construe "foreigner" as "foreigner," than as either a Jew or a heretical Jew
      (which seems to have been the status of literal historical Samaritans).

      On the prior case of Mark's 4000, . . .

      Bob: I object to these characterizations, as well. The inclusion of the
      Gentiles in Luke is shown primarily by Luke 2:32 and the references to Tyre
      & Sidon in Luke 6:17 (Sermon on the Plain) and the Woes in Luke 10:13-14, as
      well as Mark's story of the Syrophoenician woman.

      Bruce: Lk 2:32 is an Isaiah quote from Mary's Magnificat; it has nothing
      biographically to do with Jesus. As for Lk 6:17 (the crowd from Judaea,
      Jerusalem, and the coastal area of Tyre and Sidon), what is to prevent them
      from being any less Jewish than the crowds who came to hear John the
      Baptist? There were Jews as far away as Rome, and surely the apostolic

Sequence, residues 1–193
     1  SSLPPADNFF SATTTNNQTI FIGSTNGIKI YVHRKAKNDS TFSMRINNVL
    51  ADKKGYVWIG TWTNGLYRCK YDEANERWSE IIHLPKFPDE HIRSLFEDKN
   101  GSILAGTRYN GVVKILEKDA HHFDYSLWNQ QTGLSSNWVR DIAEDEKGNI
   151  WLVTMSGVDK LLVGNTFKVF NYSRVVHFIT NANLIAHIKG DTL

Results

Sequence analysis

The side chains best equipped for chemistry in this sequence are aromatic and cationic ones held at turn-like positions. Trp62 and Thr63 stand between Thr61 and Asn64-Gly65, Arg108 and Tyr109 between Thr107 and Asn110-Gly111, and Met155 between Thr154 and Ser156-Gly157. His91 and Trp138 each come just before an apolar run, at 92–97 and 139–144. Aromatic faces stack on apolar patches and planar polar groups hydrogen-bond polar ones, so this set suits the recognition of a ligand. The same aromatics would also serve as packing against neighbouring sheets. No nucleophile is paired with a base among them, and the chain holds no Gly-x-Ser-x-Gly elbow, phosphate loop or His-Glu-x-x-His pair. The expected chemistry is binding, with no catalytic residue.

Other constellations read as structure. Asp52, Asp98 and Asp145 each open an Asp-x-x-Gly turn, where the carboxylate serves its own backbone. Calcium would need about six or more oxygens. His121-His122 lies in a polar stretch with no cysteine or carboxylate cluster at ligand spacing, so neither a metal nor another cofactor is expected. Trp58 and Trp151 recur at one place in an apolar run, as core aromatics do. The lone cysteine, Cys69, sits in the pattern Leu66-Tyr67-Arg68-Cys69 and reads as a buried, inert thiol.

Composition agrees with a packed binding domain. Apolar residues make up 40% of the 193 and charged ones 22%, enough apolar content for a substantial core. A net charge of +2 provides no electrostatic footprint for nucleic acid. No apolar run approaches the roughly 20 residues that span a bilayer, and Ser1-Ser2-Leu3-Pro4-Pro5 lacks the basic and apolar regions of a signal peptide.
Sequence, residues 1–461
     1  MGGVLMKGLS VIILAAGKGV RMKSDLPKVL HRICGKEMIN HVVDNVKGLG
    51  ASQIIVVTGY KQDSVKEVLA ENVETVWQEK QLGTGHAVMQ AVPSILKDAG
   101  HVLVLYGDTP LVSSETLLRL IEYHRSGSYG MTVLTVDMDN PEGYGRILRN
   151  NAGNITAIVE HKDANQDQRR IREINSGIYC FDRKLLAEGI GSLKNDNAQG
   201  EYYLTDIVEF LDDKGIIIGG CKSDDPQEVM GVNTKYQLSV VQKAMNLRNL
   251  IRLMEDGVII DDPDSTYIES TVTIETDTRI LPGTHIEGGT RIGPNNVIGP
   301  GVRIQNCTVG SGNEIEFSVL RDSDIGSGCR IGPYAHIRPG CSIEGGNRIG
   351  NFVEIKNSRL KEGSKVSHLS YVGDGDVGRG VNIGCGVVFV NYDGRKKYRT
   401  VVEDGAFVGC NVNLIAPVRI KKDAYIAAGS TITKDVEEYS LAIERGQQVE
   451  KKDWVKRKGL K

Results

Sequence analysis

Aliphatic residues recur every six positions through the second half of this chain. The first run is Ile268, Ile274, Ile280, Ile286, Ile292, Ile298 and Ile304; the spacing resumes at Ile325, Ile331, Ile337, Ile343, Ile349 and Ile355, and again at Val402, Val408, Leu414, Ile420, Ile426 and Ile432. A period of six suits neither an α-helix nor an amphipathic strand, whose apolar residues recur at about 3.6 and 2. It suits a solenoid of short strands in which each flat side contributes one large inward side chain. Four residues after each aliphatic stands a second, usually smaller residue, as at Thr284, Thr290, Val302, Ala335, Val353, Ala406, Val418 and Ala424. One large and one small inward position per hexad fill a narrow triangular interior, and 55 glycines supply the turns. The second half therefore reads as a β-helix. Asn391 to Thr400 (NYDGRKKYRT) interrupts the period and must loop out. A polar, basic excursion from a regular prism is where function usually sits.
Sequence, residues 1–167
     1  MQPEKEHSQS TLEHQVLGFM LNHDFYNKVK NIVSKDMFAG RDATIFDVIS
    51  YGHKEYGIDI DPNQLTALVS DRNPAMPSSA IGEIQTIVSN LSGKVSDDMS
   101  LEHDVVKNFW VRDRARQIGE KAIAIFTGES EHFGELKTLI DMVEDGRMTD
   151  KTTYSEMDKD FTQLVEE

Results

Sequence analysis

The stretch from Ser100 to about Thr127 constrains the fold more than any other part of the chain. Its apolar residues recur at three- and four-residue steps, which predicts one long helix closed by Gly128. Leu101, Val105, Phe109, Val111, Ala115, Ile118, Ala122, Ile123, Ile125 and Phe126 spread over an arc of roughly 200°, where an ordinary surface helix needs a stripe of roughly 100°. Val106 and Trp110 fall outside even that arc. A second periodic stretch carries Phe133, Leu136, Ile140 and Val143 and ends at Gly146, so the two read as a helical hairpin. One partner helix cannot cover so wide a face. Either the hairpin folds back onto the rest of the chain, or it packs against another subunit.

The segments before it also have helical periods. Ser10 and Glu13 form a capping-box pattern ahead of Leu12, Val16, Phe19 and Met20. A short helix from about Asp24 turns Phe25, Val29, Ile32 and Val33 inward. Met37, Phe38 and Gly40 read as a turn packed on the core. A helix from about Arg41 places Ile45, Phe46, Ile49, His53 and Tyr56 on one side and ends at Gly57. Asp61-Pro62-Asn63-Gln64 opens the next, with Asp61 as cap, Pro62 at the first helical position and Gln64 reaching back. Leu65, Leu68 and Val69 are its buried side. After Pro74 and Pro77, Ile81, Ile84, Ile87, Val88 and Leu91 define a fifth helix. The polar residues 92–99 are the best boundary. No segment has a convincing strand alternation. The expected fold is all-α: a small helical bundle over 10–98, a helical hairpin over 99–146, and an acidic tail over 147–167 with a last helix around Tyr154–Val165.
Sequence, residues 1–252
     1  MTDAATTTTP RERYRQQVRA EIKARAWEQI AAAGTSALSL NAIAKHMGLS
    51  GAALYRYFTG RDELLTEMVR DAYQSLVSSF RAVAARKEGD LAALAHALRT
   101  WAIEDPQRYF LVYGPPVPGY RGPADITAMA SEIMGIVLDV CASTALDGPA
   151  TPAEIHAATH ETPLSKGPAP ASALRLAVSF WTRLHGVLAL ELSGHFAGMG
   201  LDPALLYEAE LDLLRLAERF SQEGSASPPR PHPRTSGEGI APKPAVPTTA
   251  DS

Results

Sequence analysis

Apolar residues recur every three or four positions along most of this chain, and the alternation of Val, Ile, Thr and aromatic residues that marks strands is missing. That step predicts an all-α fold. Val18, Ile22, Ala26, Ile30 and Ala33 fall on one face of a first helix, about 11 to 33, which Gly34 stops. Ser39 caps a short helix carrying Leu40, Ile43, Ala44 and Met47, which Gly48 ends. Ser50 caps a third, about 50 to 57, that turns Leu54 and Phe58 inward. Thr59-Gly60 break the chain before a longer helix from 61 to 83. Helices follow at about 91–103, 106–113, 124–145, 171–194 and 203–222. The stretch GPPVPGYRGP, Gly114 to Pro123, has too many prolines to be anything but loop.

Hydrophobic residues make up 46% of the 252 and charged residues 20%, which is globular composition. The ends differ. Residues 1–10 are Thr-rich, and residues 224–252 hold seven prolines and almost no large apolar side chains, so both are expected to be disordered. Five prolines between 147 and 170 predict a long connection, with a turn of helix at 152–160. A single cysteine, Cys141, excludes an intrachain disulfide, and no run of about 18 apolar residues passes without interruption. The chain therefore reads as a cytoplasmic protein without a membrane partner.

effort outside Palestine had Jews, not the general population, of those
      places as their first, and indeed their originally intended, audience. The
      inclusion of Gentiles most likely began as an inadvertent, unlooked-for, and
      at first unwelcome side effect of preaching to Diaspora Jews. As for the
      cursing of three Galilean towns in Lk 10:13f, that might be thought to give
      preference to the Jerusalem Mission over the Galilean one, especially since
      Luke, like Matthew (who has an exactly parallel curse), was committed to the
      Jerusalem-centrist view of Christian history (he totally eliminates the hint
      of a Jesus appearance in Galilee, and transfers it to Jerusalem). But does
      that curse amount to a blessing on Gentiles? If I curse my neighbor on the
      left, is this evidence of love for my neighbor on the right?

      If these were all the evidence for Luke's acceptance, or even his awareness,
      of the Gentile Mission, it seems to me that it would be very hard to prove
      Luke's knowledge or approval of the Gentile Mission. No?

      And yet if conventional wisdom holds, the same Luke who wrote this